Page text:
At some stage during a case (whether this occurs before a settlement or after), there will usually be some requirement put in place for group members to register their participation in order to be able to receive compensation from the case. Ordinarily this will involve completing a form here on our website or in hard copy. The requirement will be set out in a notice ordered by the Court in advance.
What if there are unique aspects to my claim?
In some instances the class action process can resolve other group members’ claims completely. More commonly it will resolve some aspects of the other group members’ claims, while leaving other aspects to be determined on an individual basis. This will happen where the remaining aspects aren’t common to other group members – for example, the amounts of loss suffered by each individual group member. Sometimes these individual issues still need to be proved on a case-by-case basis, but more commonly they can be dealt with in the course of any settlement process that occurs as part of resolving a class action.
Are class actions 'opt-in' or 'opt-out'?
Class actions in Australia are run on what is known as an “opt-out” basis. This means that claims are commenced and initially pursued on behalf of a defined group, regardless of whether all of the members of the group know about the claim when it is commenced. This means that even people who are out of contact or who do not have ready access to lawyers will still have their rights protected by the claim.
Once the class action has reached a stage where the issues in dispute are well-defined, the Court will make orders requiring an “opt-out notice” to be publicised and brought to the attention of all group members, to the extent this is possible. This notice will provide group members with the ability to remove themselves from the claim if they do not want to be a part of it, by 'opting out'.
Group members who don’t do anything in response to the notice will continue to be represented in the class action, and will be bound by the outcome of the case. They will be able to take advantage of any favourable findings made in the class action when it comes time to consider their individual claim.
What happens if I 'opt out'?
If you 'opt out' of a class action, you remove yourself from a claim entirely. This means you won't be affected by the outcome of a class action at all, and will remain free to pursue your own individual claim for the same issues separately if you wish to.
However, by opting out, you will not be able to take advantage of any advantageous findings or decisions made in the course of the class action. If a class action settles or results in a payment to group members, a group member who has opted out will not be able to share in any part of that benefit.
Get advice before you opt out
The time limits that apply to group members who do not opt out are generally paused while a class action is running. However, group members who do opt out of a class action will continue to be affected by these time limits. This means you may miss out on your chance to claim for compensation.
Because of the significant legal effects of opting out, it is generally a good idea for anyone considering opting out to obtain legal advice about their decision before doing so.
How long does a class action take?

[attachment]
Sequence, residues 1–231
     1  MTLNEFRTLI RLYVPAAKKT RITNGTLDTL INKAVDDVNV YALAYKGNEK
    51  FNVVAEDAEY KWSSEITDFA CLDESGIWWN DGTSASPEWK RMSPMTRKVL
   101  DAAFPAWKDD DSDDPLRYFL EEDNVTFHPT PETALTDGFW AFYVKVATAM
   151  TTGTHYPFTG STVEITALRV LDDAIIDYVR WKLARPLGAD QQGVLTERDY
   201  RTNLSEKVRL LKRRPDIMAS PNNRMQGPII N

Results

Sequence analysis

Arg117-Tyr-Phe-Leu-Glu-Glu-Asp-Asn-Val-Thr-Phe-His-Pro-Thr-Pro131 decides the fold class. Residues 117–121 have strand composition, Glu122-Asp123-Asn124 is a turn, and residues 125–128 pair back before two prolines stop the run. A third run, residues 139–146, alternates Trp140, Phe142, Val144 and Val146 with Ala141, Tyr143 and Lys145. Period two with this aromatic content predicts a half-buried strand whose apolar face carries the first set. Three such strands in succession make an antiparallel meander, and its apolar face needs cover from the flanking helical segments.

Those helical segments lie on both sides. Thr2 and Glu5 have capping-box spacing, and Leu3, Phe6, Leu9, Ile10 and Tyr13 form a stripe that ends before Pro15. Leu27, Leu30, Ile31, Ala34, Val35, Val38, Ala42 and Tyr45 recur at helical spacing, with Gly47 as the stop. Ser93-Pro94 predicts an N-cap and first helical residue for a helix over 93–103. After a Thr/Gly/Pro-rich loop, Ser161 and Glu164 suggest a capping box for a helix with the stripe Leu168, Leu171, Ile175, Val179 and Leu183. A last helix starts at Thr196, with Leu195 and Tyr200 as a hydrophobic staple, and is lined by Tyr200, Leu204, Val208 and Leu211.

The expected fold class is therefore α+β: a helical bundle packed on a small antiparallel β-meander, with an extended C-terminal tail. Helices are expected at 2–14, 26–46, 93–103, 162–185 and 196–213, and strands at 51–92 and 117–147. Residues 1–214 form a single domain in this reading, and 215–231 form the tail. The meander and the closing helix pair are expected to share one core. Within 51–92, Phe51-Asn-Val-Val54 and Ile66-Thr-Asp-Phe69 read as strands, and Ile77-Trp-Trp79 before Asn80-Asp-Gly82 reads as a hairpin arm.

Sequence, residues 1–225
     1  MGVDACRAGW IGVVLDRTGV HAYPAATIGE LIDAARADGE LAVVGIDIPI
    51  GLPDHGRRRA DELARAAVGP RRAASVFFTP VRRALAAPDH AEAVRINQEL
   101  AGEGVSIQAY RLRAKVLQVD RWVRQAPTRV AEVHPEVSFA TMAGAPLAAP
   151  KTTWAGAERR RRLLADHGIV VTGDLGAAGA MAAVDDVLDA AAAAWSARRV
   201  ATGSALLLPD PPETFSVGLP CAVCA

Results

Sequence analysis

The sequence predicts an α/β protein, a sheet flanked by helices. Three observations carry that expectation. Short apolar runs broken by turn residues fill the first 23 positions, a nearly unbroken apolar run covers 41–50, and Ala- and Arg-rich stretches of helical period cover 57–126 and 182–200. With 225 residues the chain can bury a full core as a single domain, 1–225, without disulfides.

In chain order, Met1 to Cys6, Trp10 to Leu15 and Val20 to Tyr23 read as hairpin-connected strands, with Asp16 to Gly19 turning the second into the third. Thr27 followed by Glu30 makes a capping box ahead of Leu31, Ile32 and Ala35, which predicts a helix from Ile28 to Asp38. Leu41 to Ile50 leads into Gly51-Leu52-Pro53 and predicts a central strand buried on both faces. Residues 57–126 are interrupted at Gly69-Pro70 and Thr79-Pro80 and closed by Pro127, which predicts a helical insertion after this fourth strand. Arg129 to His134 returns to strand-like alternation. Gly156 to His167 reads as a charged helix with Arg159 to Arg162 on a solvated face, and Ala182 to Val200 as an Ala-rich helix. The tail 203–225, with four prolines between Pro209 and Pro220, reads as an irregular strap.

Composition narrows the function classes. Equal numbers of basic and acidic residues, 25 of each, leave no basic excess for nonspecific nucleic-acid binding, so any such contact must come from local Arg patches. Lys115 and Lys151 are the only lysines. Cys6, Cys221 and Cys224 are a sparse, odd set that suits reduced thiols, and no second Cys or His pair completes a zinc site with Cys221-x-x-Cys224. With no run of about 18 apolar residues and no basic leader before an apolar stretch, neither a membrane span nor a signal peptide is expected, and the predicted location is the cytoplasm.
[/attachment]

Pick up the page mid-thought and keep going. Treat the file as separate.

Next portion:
Generally, most class actions tend to take between one and three years to resolve, although this can vary depending on the circumstances of individual claims.
Each class action is different, and the time required for a claim depends on a variety of factors, such as the complexity of the issues involved, the amount of evidence to be considered, and the tactics adopted by the defendants in defending the claim.
What happens when a class action is successful?
In Australia, class action settlements require the approval of the Court before they can take effect. The representative plaintiff will make an application to the Court to approve a proposed settlement, in which they will need to provide the Court with a significant amount of information about the settlement, how it was reached, and what it will mean for group members.
The Court will generally be concerned with answering two main kinds of question about a settlement:
- Is it a fair and reasonable settlement considering the claims made on behalf of the group members?
- Has the settlement been reached in the interests of group members as well as the representative plaintiff, and not just in the interests of the representative and the defendant?
What if I disagree with the proposed settlement?
Usually when a Court is considering a proposed settlement, group members will be given an opportunity to object to it and make submissions about it if they disagree with it. All group members will be provided with a detailed notice in advance of this, approved by the Court, which sets out the details of the settlement and how it would work if approved.
Approval of settlement
If a Court is satisfied that a proposed settlement is appropriate, the settlement will be approved, and usually a ‘settlement distribution scheme’ will be put into effect. This scheme is a set of rules and processes by which a settlement amount will be divided up amongst the registered group members in a class action.
After any assessments of compensation entitlements have been completed, the group appointed by the Court to administer the settlement distribution scheme (which is often, but not always, the representative plaintiff’s lawyers), will arrange for payments to be made to all eligible registered group members.
The importance of expert representation
There are a number of arguments and tactics available to defendants to try to terminate class actions that have been commenced in too broad a fashion, or across too wide or diverse a range of issues or evidence. If defendants succeed in these arguments, they can make it very difficult for others to be able to continue other claims or pick up where a failed representative plaintiff left off.
For example, class action cases can run the risk of failing if:
- the claim attempts to cover too wide a range of facts and arguments, or;
- the representative plaintiff's claim contained too few 'common' elements to justify the claim continuing as a class action.
Experienced class action lawyers know how to navigate these potential pitfalls. We are best placed to provide considered advice about whether a claim is well-suited to being run as a class action, and if so, how it should be configured to give it the best chance of success.
We're one of Australia’s leading class action law firms and are well known for our experience in running some of Australia’s most complex and large-scale class actions. We've conducted and successfully resolved major complex litigation using group proceedings for more than two decades.